The federal government has answered our call for transition measures for foreign workers. As of Feb. 1, selected foreign workers who applied for permanent residency through the Alberta Immigrant Nominee Program (AINP) before July 1, 2014, will gain a one-year bridging work permit. In the meantime, the Alberta government can process their applications.
Employment and Social Development Canada (ESDC) will also exempt these workers from being counted under the cap on low-wage positions, provided employers meet strict criteria. This one-time exemption allows employers to apply for renewed Labour Market Impact Assessments (LMIA), while their existing foreign workers pursue permanent immigration.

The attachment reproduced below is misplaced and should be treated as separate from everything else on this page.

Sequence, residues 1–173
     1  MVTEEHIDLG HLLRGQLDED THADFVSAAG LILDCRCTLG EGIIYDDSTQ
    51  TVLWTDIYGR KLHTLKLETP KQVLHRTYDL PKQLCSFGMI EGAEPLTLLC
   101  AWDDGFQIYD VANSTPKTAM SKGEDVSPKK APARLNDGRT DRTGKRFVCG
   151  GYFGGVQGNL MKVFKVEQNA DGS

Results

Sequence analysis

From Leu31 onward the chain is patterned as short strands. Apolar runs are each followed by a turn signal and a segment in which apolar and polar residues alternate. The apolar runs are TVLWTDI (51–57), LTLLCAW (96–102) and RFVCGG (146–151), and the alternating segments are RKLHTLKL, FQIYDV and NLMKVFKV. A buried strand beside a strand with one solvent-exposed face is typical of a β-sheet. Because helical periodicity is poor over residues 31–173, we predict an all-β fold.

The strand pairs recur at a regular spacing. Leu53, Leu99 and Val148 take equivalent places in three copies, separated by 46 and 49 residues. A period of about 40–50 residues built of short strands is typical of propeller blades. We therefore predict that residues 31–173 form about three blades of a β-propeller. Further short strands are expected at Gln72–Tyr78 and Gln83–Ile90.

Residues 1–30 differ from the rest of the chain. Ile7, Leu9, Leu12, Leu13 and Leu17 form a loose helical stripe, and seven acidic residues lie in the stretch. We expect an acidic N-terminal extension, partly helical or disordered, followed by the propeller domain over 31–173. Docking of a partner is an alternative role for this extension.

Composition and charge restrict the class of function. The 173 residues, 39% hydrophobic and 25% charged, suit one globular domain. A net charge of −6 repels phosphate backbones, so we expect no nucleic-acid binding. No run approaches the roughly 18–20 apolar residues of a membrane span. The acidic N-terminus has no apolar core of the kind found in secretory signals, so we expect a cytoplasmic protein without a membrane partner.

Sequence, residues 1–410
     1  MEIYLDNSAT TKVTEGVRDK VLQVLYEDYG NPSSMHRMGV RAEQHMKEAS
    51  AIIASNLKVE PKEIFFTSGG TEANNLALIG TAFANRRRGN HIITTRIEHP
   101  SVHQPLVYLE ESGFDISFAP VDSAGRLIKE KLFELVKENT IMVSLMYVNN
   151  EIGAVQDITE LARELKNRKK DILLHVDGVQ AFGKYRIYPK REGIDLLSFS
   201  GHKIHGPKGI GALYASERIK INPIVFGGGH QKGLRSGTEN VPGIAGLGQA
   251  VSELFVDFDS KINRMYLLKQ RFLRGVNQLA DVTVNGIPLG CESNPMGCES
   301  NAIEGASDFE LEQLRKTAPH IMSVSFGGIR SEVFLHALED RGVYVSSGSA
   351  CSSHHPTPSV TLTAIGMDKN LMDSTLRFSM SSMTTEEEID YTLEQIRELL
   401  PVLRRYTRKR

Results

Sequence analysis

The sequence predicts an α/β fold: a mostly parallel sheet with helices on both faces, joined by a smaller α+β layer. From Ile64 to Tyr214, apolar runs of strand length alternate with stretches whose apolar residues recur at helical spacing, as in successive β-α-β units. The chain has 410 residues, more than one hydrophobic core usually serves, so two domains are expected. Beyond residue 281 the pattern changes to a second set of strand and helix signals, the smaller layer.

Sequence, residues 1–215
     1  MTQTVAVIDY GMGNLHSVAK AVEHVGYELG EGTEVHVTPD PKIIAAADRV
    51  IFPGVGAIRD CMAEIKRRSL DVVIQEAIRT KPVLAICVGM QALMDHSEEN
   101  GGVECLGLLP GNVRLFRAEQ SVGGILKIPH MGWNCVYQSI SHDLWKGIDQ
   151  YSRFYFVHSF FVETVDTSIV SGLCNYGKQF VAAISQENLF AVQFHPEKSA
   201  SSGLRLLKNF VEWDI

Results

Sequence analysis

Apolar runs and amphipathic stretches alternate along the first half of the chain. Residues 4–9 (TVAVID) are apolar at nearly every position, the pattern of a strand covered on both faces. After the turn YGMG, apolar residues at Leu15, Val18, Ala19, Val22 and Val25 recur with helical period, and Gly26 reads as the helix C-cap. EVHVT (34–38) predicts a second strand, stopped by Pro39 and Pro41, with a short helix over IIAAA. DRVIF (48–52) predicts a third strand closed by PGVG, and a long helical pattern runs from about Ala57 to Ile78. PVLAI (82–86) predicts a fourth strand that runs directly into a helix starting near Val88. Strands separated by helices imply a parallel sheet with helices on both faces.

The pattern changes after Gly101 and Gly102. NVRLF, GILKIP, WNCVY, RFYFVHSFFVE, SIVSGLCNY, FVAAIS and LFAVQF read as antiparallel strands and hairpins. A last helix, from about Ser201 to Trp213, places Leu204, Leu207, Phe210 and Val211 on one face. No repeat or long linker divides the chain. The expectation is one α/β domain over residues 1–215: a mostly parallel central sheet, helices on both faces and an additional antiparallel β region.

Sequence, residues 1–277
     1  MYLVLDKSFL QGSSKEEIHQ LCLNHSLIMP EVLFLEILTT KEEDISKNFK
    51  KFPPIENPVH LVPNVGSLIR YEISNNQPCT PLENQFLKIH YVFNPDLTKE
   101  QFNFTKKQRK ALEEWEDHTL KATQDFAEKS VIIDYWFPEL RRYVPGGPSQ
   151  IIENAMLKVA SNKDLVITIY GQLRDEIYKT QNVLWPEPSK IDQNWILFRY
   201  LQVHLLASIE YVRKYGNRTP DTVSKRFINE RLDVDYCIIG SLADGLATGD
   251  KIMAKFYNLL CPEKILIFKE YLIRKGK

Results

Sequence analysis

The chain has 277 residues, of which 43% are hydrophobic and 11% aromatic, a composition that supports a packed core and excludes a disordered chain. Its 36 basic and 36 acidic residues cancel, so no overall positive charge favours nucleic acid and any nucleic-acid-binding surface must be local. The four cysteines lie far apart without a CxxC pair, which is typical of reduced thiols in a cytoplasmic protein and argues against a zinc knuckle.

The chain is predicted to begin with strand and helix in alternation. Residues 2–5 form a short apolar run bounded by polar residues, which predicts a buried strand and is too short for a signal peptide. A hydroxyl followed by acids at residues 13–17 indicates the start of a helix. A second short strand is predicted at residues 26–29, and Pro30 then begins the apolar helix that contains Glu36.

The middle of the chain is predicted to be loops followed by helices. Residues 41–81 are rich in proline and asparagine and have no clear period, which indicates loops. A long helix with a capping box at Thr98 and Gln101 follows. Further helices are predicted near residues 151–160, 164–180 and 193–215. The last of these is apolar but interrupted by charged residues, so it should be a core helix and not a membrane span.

Restaurants Canada took our concerns about the April deadline to the federal and Alberta governments last fall. Many workers’ permits would expire on April 1, 2015, due to the four-year cumulative work rule. We argued that already short-staffed employers would lose valued long-time employees. Also, foreign workers with strong roots in their communities would be sent home before their permanent resident applications are processed. We are pleased both governments listened to us, and came up with ways to avoid leaving our members and their employees in a bind.
Restaurants Canada is pushing for permit extensions in all provinces with a PNP processing backlog, especially British Columbia. B.C.’s backlog is far less severe than Alberta’s, but processing times have grown since the Temporary Foreign Worker Program (TFWP) changes. The federal government is open to a similar arrangement with British Columbia. Restaurants Canada is working with the B.C. government to extend permits.